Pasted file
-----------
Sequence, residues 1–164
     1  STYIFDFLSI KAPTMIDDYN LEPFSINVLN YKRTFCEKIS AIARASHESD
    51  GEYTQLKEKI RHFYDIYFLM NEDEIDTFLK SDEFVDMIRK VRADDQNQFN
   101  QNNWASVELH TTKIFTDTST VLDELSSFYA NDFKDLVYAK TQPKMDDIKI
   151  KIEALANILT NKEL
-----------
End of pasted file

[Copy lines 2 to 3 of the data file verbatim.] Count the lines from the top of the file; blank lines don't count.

     1  STYIFDFLSI KAPTMIDDYN LEPFSINVLN YKRTFCEKIS AIARASHESD
    51  GEYTQLKEKI RHFYDIYFLM NEDEIDTFLK SDEFVDMIRK VRADDQNQFN